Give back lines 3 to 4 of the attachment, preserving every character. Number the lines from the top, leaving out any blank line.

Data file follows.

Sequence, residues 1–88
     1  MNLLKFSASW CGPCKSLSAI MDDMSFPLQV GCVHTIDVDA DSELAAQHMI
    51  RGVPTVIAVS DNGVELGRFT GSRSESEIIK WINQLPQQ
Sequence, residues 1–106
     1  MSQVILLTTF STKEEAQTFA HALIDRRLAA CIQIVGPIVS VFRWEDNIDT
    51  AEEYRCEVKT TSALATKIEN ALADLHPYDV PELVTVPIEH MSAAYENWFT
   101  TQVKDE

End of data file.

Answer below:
    51  RGVPTVIAVS DNGVELGRFT GSRSESEIIK WINQLPQQ
Sequence, residues 1–106